A Danville resident suggested during Monday’s City Commission meeting that officials create a citizens committee to oversee the remediation of the old Philips Lighting plant on Vaksdahl Avenue.
Carl Beckman, who also has roots in Cincinnati, spoke about the issue during the public comments portion of the meeting. The Philips plant shut down in February 2011, and the site is still owned by the parent company. Officials, including City Manager Ron Scott, have raised concerns about the possible levels of lead and arsenic at the plant.
“We need to form a citizens committee to monitor the cleanup; otherwise, it could take decades,” Beckman said. “This site needs to be cleaned up to community standards, not Philips standards.”
Beckman said the committee should be chaired by a chemist, engineer or other scientist who has no affiliation with Philips. He also suggested that city officials ask environmental watchdog groups such as Greenpeace and the Sierra Club for assistance.
Scott as well as Mayor Bernie Hunstad said city officials have conducted considerable research and communication with not only Philips executives, but also state officials with the Department of Environmental Protection. Scott said Beckman’s suggestion had some merit but might not necessarily help speed the process along.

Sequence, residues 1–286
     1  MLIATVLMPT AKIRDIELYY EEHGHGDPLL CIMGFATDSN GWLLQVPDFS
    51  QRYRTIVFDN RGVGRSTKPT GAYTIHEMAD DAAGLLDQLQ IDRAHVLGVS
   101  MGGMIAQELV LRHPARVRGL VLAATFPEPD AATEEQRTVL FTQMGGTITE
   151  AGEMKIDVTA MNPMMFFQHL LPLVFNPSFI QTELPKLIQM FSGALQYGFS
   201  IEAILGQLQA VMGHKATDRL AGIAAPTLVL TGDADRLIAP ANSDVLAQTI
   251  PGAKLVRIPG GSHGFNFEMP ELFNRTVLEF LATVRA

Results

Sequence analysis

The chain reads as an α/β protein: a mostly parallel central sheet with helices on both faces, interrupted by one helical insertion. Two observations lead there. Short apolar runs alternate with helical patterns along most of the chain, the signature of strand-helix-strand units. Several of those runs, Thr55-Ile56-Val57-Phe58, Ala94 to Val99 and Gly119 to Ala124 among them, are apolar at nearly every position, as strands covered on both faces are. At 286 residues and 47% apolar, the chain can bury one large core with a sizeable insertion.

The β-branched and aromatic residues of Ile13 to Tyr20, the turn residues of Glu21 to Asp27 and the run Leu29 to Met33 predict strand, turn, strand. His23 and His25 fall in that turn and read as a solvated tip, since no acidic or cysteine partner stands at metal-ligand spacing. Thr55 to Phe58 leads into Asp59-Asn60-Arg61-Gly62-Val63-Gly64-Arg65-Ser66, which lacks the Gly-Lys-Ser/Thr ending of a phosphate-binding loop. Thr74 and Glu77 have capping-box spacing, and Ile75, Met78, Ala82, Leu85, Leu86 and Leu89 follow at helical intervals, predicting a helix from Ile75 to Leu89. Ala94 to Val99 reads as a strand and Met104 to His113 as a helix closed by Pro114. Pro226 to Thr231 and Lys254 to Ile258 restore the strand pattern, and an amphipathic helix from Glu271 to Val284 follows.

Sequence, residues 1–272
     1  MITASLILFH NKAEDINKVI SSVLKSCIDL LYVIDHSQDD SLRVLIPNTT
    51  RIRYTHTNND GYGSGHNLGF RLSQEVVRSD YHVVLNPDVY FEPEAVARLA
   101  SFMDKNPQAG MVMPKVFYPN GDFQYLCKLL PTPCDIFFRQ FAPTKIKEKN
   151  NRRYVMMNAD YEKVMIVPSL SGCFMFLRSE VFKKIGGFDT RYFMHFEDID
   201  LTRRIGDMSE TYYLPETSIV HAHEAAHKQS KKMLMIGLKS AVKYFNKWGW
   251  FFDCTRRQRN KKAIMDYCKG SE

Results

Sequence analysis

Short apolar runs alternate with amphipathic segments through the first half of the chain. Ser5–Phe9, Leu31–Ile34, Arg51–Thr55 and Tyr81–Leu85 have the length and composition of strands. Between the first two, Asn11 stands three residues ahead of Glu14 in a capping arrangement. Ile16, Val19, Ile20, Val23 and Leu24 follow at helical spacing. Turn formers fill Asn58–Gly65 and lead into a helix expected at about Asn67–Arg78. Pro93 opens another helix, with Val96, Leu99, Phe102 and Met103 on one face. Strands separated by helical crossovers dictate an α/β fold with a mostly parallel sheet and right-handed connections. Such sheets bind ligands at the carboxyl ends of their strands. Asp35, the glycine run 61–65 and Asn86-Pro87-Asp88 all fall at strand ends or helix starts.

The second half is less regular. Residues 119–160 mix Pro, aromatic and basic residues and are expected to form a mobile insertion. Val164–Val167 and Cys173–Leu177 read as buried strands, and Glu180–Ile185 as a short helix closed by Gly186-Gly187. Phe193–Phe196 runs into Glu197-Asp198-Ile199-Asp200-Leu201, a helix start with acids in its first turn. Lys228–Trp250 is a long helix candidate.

“The difficult part is that the state, not the city, has the responsibility and authority to enforce remediation,” Scott said. “It’s a long process.”
Philips and state officials have been communicating with the city, and Philips is in the second stage of evaluating the conditions of the property, the city manager said.
A major roadblock that city officials face is the legality of entering private property, Hunstad said.
“(The site) doesn’t seem to be an immediate health hazard but possibly a long-term health hazard,” the mayor said. “Plus, a major commercial site is tied up.”
City Attorney Stephen Dexter was absent from Monday’s meeting and thus could not comment on the issue.
In other business, city commissioners unanimously approved a resolution to apply for a $4 million loan to partially fund the planned water treatment plant expansion. The entire project will cost an estimated $26.8 million, said City Engineer Earl Coffey. Officials hope to complete the project next year.
“The dominoes are starting to line up,” Coffey said.
Once complete, the water treatment plant would meet forthcoming guidelines from the U.S. Environmental Protection Agency and increase the city’s pumping capacity to 12 million gallons daily.